October 4, 2019

I.   State Issues
II.  Federal Issues
III. Annual League Conference
III. Also of Interest
Municipal Clerks: Please forward to your Mayor, Governing Body and Department Heads.

I. State Issues

a. Court Dismisses States’ SALT Deduction Lawsuit

Earlier this week the U.S. District Court dismissed a lawsuit brought by four states, including New Jersey, that challenged the cap on state and local (“SALT”) tax deductions imposed as part of the 2017 tax reforms.  The lawsuit was part of efforts from states like New Jersey, that rely heavily on property taxes, to overturn the cap, which many believe will have an unproportioned negative impact on the Garden State – with some worrying that the cap on SALT deductions would drive down property values.
The dismissal of the lawsuit does not end efforts to remove the cap on SALT deductions. Federal lawmakers from NJ and other states have been working on legislation that would either undo the cap or alternatively, increase the $10,000 limit.  We will be sure to keep our members updated on this important issue.
Contact: Frank Marshall, Esq., League Staff Attorney, fmarshall@njlm.org, 609-695-3481 x137.

b. State Health Benefits Open Enrollment Period

For those municipalities that offer health benefits through the State Health Benefits Program (SHBP) the open enrollment period has begun and continues to October 31, 2019.  Changes made during open enrollment will take effect on January 1, 2020. There have been changes for plan year 2020. The major change is that Horizon Blue Cross Blue Shield will be the sole administrator for all active employee SHBP plans. Aetna will continue to administer the Aetna Dental Expense Plan, Aetna DMO and Medicare Advantage plans for retirees.  Employees covered under the Aetna plans will be automatically enrolled into the corresponding Horizon plan.
In addition, a new Preferred Provider Organization (PPO) model was created for local government employees, NJ Direct 2019. Finally, beginning November 1, 2019 copays for generic prescriptions filled by the mail order service will be $0 for a 90 day supply.
For more information visit the Division of Pension’s Open Enrollment website.
Contact: Lori Buckelew at lbuckelew@njlm.org or 609-695-3481, ext. 112.

c. Looking Ahead to Lame Duck: Path to Progress Health Benefit Reforms

As noted in the Path to Progress Report, “while major savings have been achieved over the past 16 years, health benefit costs for employees and retirees are projected to grow by $700 million over the next four years. Because the State self-funds its health care coverage, almost 90 percent of that cost increase will be borne by taxpayers.”  To that end the core recommendation of the working group is to “shift from Platinum-level health care coverage to Gold-level coverage for state employees, state retirees, and teacher retirees with an actuarial value of 80 percent that is comparable to the best private sector corporations in New Jersey after FY2019 when state collective bargaining contracts expire.”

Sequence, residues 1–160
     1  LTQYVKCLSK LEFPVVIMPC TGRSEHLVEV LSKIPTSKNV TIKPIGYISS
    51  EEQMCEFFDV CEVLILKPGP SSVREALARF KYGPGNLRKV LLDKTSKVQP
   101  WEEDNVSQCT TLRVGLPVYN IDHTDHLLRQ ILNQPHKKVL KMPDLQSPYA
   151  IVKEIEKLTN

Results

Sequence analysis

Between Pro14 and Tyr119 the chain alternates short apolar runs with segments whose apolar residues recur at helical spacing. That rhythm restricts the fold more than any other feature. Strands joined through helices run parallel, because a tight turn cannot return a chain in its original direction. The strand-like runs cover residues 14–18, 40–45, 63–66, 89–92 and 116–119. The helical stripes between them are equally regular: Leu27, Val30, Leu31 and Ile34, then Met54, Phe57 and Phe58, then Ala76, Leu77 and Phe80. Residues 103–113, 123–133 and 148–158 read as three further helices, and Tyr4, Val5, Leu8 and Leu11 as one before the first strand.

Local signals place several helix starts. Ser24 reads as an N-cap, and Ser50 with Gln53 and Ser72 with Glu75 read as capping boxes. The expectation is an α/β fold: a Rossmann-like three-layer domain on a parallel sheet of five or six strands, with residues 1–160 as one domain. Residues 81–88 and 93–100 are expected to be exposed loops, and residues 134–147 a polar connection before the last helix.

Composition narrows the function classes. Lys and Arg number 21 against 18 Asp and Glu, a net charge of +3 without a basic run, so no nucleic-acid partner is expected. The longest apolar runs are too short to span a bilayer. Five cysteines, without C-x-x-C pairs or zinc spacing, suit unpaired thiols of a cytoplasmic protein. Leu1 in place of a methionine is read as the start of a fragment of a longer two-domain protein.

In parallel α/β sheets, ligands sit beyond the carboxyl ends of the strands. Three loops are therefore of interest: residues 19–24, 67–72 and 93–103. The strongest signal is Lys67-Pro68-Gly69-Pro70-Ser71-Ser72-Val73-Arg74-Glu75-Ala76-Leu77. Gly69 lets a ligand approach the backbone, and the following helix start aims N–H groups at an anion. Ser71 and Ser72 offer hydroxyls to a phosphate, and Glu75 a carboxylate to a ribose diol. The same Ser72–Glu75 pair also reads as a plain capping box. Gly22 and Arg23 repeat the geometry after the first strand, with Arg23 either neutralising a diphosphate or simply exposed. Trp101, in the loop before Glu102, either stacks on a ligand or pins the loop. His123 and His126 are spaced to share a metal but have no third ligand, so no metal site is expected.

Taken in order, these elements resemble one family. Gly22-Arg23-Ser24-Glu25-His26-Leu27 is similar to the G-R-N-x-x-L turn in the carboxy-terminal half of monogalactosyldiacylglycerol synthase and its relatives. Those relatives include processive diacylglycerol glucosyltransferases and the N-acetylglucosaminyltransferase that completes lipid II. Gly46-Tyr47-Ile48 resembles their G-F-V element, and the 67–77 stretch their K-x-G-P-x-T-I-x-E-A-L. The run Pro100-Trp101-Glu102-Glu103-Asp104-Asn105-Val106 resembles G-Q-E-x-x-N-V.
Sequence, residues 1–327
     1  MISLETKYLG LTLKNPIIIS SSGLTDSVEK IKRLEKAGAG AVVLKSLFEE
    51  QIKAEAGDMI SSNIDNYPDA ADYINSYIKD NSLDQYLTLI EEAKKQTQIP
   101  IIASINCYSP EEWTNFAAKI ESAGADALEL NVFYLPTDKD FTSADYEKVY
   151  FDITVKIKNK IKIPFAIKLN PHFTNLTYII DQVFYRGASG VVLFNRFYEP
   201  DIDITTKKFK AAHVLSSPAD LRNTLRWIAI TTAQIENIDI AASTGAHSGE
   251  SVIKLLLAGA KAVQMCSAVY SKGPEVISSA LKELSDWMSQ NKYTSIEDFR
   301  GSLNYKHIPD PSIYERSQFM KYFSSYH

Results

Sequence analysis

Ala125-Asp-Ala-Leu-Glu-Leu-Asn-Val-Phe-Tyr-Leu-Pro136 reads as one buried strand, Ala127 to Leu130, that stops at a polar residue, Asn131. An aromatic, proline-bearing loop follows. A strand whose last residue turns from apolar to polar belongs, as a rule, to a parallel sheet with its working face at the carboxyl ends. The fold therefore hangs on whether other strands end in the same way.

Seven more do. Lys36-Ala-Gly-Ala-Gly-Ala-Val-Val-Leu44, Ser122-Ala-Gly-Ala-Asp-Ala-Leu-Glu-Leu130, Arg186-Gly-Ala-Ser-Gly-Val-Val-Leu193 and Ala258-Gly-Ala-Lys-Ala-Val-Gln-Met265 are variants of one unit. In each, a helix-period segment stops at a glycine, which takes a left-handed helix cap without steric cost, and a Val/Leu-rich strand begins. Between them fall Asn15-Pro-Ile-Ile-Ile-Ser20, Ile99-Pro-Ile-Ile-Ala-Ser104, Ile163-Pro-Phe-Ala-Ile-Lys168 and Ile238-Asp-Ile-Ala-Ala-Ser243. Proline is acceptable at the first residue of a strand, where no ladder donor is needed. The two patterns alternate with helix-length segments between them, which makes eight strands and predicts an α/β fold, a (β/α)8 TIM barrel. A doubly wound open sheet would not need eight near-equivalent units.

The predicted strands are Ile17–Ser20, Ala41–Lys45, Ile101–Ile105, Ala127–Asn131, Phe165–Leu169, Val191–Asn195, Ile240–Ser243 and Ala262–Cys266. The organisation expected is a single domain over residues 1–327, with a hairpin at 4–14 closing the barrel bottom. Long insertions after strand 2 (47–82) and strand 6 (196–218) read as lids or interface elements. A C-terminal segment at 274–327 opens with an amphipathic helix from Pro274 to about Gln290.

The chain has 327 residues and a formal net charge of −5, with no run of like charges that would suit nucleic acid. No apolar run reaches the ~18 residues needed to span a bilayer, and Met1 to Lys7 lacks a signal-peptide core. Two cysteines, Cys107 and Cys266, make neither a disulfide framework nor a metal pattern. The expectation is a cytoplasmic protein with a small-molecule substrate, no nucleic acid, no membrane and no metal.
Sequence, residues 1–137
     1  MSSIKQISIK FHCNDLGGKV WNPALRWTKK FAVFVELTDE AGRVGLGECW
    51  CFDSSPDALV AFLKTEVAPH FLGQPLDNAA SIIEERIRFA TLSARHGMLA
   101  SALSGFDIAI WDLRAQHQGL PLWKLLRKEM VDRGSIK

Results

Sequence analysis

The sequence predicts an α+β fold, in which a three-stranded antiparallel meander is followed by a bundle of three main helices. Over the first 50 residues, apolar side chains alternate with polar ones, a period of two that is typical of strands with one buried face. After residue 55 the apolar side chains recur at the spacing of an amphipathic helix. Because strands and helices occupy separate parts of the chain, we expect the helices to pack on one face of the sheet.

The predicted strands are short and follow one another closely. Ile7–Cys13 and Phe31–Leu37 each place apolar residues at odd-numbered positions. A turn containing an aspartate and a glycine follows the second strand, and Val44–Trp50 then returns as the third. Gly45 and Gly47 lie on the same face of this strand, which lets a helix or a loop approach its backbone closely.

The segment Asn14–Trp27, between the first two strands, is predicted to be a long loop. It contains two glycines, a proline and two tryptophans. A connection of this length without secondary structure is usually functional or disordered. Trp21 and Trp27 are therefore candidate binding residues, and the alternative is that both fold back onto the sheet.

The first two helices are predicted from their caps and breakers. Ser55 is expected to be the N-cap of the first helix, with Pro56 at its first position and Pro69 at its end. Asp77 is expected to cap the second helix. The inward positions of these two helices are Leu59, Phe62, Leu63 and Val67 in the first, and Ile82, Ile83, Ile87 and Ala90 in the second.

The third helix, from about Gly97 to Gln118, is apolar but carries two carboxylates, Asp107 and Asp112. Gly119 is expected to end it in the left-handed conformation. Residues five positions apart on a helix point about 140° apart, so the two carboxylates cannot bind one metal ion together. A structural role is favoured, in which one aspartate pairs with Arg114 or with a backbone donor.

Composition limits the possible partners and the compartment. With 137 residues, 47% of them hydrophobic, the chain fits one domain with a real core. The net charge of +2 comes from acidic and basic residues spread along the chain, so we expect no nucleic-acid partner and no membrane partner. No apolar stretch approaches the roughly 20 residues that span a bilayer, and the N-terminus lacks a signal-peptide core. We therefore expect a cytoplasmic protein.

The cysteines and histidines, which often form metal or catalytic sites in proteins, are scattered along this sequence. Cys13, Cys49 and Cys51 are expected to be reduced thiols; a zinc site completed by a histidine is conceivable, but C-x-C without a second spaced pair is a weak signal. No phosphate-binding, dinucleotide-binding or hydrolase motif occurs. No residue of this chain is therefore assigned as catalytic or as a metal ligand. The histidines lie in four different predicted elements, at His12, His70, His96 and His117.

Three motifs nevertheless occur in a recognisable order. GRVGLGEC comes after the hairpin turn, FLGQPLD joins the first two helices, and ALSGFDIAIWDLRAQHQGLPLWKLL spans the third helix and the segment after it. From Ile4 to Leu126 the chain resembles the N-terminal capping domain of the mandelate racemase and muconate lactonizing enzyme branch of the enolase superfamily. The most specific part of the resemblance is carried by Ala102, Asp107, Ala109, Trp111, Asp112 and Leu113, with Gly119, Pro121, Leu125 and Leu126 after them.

The report estimates that this shift would “save an estimated $587million on employee and retiree health care premiums for the State budget and $69 million for current State workers on their premium cost-sharing payments in FY2020, with savings projected to rise to $675million for the State and $79.7 million for employees in FY2023. County and municipal governments and school districts currently enrolled in the State Health Benefits Plan and School Employees Health Benefits Plan would save at least $600 million per year for property taxpayers and over $100 million for employees by a similar shift when their contracts expire over the next several years. Total local government savings would top $1.4 billion for taxpayers and $230 million for employees if all plans made the same shift.”
Senate President Sweeney and Senators Oroho and O’Scanlon have introduced S-3754, which would terminate the School Employees Health Benefits Program (SEHBP), the State Health Benefits Program (SHBP) Plan Design Committee and transfer coverage from SEHBP to SHBP as well as require that certain plans are offered with no employee or retiree contributions and impose limits on health care benefits for public employees. To read more on S-3754 please see our October 1 blog post
Contact: Lori Buckelew at lbuckelew@njlm.org or 609-695-3481, ext. 112.

II. Federal Issues

a. Continuing Resolution Averts Federal Shutdown

A Continuing Resolution (CR) will allow our Federal government to operate through November 21.  The legislation also extends the life of the National Flood Insurance Program (NFIP) to that same date.  In the interim, discussions on actual FY 2020 appropriations and on a more permanent reauthorization of the NFIP (as well as Temporary Assistance for Needy Families (TANF), the Export-Impost Bank, and other programs) will continue.
Contact: Jon Moran, Senior Legislative Analyst, jmoran@njlm.org, 609-695-3481 x121.

b. SAFE Banking Act Advance

On September 25, by a vote of 321 to 103, the United States House of Representatives passed H.R. 1595, the Secure and Fair Enforcement Banking Act of 2019 or the SAFE Banking Act. This bill would better allow financial institutions to provide banking and insurance services to cannabis-related businesses.  The bi-partisan bill now awaits consideration by the U.S. Senate Committee on Banking, Housing, and Urban Affairs. Although support appears to be increasing the bill has a far less certain future in the Senate.